And Mr. Pink-Whistle was half-brownie (i.e., elf), half-man, and lived in this quaint English village and went about solving problems. Every chapter ended with Mr. Pink-Whistle having a nice sit down with tea and cucumber sandwiches when all was right with the world!
Someone or something worth following in social media.
Having followed her career, her style, her brand and her relatable podcast, French photographer Garance Doré is one of my favorites. She was also a New Yorker while I was there, an Angeleno, and appears to be a Londoner now. I've even spent time in Corsica, the little French island she grew up on.
One of your favorite creative projects you've ever worked on.
While working in India, I helped create the campaign for the 2001 Bollywood movie Lagaan. It gave me the opportunity to work closely with one of India's biggest stars, Aamir Khan, who was the lead in the film as well as the producer. I learned so much from my long interaction with him. Lagaan went on to be nominated for a Best Foreign-Language Film Oscar, and I also worked on the campaign for that.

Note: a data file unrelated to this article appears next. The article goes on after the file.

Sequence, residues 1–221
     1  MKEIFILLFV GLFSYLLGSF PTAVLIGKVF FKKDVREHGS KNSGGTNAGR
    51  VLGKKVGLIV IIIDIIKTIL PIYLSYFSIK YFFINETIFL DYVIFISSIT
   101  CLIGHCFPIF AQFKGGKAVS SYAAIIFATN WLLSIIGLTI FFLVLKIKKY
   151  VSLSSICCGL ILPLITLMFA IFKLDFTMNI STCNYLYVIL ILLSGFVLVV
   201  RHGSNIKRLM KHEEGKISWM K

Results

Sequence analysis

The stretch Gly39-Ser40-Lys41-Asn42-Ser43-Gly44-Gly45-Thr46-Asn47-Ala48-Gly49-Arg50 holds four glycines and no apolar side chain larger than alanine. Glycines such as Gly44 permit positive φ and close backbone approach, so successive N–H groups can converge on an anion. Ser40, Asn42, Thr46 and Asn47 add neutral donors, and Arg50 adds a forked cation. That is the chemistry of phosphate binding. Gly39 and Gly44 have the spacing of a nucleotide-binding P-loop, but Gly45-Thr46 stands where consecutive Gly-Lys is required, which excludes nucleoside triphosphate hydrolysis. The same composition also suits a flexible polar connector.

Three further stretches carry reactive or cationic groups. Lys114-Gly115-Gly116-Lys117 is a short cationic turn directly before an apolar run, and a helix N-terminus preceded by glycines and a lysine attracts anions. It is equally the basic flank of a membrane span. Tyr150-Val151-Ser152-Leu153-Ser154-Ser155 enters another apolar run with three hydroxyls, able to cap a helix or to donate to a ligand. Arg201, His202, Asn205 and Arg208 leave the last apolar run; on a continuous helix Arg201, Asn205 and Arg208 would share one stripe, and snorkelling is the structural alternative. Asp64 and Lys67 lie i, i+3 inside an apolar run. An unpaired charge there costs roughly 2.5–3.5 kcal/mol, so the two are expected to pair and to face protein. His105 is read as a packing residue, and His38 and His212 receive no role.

A recent project you're proud of.
Someone else's work that inspired you years ago.
When I lived in New York, I'd love seeing campaigns show up as wild postings every day on the streets. I miss that serendipity here in Los Angeles. One of my favorites was "Waist Down," a traveling exhibition featuring 100 skirts designed by Miuccia Prada, flattened to create "flowers." It was such a simple yet gorgeous execution.
Someone else's work you admired lately.
Your main strength as a creative person.
Digging deep—asking questions and looking for human truths in everything.
Your biggest weakness.
Getting distracted easily and wanting to move to the next fun thing.
One thing that always makes you happy.
This may sound uncool, but I love flowers. They always cheer me up. Seeing California bloom all around me has been fantastic.
One thing that always makes you sad.
My tween being snarky to me. I have to remind myself it's a phase as she finds herself.